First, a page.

This bond program was established in 1980 to provide low-interest loans through the Small Scale Energy Loan Program (SELP) to individuals, companies, state agencies, local governments and non-profits for a range of energy efficiency and renewable energy projects. The Office of the State Treasurer periodically reviews SELP’s cash flow model to determine if projected loan repayments are sufficient to meet all future debt service requirements of the bond program. These evaluations have revealed that the bond program has deteriorating loan loss reserves due to the default of an $18 million loan on an ethanol facility and a growing number of large, delinquent loans to private parties that are 91 days or more past due. While SELP has tightened its loan underwriting standards and continues to aggressively pursue delinquent borrowers, the Legislative Assembly will need to provide cash infusions to the SELP program over the next several fiscal years in order for the program to meet its debt service obligation on its existing bond portfolio. Depending on the outcome of SELP’s negotiations with delinquent borrowers, and revenues generated from new loans, total cash infusions needed by the program range of $12 million to $25 million. This number could increase if more loans become delinquent or poorly performing loans are written off as uncollectible. The Commission recommends that the Legislature and Governor actively monitor SELP’s financial situation and put tight parameters on SELP’s future loan commitments, to assure that General Fund support of this “non-tax supported” general obligation bond program is kept to a minimum. In summary, while the Commission projects that the State will have available debt capacity in the years to come, it notes that this debt capacity must be balanced against the considerable backlog of pressing capital projects and transportation improvements for which the State will need to tap the credit markets for funding. The Commission therefore continues to recommend that the Legislature and Governor limit their bonding authorizations to only the highest priority State capital projects in order to maintain the State’s strong credit ratings and overall healthy financial position.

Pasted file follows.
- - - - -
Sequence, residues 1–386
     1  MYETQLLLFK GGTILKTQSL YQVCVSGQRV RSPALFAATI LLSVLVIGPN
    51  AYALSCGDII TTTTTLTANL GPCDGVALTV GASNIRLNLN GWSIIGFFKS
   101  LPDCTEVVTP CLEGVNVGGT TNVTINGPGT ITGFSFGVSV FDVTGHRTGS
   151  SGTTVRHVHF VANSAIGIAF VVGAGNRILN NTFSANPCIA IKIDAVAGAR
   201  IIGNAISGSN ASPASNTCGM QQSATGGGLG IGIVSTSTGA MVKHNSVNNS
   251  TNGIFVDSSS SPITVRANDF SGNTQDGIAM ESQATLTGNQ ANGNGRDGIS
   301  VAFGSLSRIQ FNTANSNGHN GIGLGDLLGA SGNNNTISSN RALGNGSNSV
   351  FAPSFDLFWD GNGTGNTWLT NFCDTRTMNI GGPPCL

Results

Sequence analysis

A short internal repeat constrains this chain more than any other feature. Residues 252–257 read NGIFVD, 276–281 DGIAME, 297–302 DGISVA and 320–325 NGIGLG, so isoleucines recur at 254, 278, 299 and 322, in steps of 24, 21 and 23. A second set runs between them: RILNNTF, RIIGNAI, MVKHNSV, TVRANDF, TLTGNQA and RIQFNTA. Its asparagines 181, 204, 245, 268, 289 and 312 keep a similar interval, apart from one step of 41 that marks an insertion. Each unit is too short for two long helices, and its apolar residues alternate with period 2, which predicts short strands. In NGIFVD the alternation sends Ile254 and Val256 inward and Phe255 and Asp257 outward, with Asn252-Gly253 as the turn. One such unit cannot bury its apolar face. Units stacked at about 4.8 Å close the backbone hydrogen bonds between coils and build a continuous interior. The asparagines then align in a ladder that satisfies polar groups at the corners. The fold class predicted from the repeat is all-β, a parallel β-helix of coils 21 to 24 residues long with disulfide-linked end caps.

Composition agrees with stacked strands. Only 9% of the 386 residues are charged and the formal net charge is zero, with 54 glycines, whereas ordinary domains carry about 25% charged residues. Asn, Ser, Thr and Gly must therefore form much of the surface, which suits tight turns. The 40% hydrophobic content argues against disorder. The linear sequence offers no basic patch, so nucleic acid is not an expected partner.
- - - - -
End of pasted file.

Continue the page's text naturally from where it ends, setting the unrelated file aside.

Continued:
STATE OF OREGON

5

STATE DEBT POLICY ADVISORY COMMISSION

This Page Intentionally Blank

STATE OF OREGON

6

STATE DEBT POLICY ADVISORY COMMISSION

I.

BONDING IN OREGON

Historically, Oregon has operated under a biennial debt review and authorization process. Under that model, each individual bonding program receives specific legislative authorization and is managed by a state government agency. The Oregon State Treasury, as issuer of all State of Oregon bonds, is charged with the responsibility to centrally oversee all long-term debt programs. The State uses four primary types of long-term debt finance obligations: general obligation bonded debt, direct revenue bonded debt, appropriation credits, and conduit revenue bonds. General obligation authorized limits are normally expressed as a percentage of statewide value of taxable property. Revenue bonds and appropriation credits are usually limited by the Legislature to a specific dollar amount. A brief explanation of the bond authorization and issuance process and the debt obligation types and associated State of Oregon bonding programs are provided below.

A.

Authorization and Issuance Process